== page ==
A Bainsford minister has blessed the new £840,000 footbridge across the widest part of the River Carron near Falkirk.
The bright green, 157-foot Abbostshaugh footbridge provides an important link for the communities of Bainsford, Langlees, Carron and Carronshore.
The 27-tonne structure - hoisted into position in two parts by a 500-tonne crane - is open to pedestrians and cyclists.
In a special ceremony, Rev Andrew Sarle, Clerk to Falkirk Presbytery, adapted the words used by former Moderator of the General Assembly, Very Rev Dr Derek Browning, to bless the Queensferry Crossing last September.
Mr Sarle, a Local Ordained Minister at Bainsford Parish Church, also poured water from the River Jordan into the River Carron.
He said: “It was something of a surprise to me that I got a request last week to ‘come and bless our new bridge’.
“I thought the words Very Rev Derek Browning used were excellent, so I adapted them to fit this somewhat smaller, but nonetheless impressive, footbridge.
“To me, bridges are a great sign of hope, of enabling people to come together.
“When I worked in interfaith relations, the weekly news digest highlighting good practice in people of different faiths working together that I published was called ‘The Bridge’.”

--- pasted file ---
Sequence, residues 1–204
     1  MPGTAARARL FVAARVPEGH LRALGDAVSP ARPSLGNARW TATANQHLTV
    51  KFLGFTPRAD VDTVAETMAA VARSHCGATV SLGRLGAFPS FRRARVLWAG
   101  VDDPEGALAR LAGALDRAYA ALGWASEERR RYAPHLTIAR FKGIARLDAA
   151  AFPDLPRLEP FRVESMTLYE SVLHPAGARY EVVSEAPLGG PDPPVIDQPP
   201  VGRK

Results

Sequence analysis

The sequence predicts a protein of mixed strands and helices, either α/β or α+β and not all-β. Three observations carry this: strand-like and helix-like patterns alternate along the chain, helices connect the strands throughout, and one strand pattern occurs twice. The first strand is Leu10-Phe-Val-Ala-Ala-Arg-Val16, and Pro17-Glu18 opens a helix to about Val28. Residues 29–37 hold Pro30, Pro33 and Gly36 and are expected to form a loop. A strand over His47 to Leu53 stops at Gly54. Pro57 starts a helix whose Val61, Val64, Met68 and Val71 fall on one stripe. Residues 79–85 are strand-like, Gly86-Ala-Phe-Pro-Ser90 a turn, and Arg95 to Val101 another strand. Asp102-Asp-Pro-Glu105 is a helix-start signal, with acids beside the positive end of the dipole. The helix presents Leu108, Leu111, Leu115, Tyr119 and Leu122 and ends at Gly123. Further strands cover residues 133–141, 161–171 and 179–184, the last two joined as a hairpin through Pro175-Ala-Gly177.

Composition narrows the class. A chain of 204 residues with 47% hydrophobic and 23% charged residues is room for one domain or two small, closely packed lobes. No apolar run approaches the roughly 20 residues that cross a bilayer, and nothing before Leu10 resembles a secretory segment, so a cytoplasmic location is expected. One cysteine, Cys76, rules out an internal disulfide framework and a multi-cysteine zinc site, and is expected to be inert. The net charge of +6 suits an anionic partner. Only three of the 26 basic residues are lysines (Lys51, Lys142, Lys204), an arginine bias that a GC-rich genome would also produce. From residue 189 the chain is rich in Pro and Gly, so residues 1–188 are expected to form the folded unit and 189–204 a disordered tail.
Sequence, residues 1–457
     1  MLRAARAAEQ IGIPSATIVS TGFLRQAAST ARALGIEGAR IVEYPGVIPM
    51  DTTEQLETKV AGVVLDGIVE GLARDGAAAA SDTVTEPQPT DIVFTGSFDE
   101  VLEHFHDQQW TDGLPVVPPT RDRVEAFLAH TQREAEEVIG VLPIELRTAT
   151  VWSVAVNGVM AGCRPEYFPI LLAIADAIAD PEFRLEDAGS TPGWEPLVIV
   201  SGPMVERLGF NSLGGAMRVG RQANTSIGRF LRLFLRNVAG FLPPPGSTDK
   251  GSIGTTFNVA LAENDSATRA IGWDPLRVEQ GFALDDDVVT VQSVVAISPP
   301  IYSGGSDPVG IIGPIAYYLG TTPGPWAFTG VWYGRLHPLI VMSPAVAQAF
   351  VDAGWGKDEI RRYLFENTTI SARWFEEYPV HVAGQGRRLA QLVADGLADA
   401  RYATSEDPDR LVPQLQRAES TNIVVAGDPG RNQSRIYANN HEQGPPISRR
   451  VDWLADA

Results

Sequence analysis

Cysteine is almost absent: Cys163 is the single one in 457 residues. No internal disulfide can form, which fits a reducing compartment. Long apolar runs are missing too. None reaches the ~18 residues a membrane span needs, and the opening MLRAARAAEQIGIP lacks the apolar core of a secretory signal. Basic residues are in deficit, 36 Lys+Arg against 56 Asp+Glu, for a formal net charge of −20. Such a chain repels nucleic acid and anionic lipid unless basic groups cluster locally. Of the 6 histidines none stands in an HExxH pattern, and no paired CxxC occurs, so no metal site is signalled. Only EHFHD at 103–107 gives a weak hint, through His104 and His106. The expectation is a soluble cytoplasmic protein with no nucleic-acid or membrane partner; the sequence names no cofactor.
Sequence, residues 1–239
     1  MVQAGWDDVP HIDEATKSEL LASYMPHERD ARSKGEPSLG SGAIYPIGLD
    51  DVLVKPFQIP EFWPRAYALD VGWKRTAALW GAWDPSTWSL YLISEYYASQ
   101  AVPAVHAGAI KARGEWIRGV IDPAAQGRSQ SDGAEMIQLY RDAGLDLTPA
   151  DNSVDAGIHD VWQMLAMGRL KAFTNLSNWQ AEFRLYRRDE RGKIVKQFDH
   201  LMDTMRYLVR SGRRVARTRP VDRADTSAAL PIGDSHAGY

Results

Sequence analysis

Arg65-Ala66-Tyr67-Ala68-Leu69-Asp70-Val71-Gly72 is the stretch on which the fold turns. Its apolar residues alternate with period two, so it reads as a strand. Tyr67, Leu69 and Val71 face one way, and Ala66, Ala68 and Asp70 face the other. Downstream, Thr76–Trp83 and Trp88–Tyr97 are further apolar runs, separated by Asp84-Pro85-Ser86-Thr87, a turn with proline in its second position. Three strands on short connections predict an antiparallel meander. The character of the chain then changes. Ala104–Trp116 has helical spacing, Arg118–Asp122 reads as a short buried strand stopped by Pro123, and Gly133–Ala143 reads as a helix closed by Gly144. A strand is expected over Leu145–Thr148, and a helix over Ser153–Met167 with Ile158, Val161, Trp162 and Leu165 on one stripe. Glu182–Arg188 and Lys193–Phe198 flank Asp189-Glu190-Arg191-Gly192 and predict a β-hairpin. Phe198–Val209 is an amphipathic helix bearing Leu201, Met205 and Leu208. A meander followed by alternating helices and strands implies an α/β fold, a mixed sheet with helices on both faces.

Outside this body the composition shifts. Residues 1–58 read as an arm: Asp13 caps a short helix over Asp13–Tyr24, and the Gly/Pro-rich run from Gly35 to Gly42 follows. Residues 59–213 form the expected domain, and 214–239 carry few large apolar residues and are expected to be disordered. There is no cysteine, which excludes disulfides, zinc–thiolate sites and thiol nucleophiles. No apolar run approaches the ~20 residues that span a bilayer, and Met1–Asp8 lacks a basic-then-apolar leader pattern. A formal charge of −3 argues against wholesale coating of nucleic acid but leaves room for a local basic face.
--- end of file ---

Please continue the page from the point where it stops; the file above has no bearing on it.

Dr Browning said: “It’s always flattering and humbling to have someone use your work and it is good that words are said at these moments of new beginning.
“They help create a sense of occasion that point to a future of possibilities and in themselves engineer their own dynamic.”
When it opened in April Councillor Paul Garner, environment spokesman, said: “The Abbotshaugh Bridge represents a significant investment for the local area, and is the first brand new bridge in the Falkirk Council area for over 100 years.
“It will connect residents and visitors to recreation, amenities, employment, the Helix and the Kelpies – one of the biggest tourist attractions in Scotland.
“The bridge and the surrounding paths are ‘shared use’, which means they are easily accessible for cyclists, walkers, users with mobility issues and horse-riders”.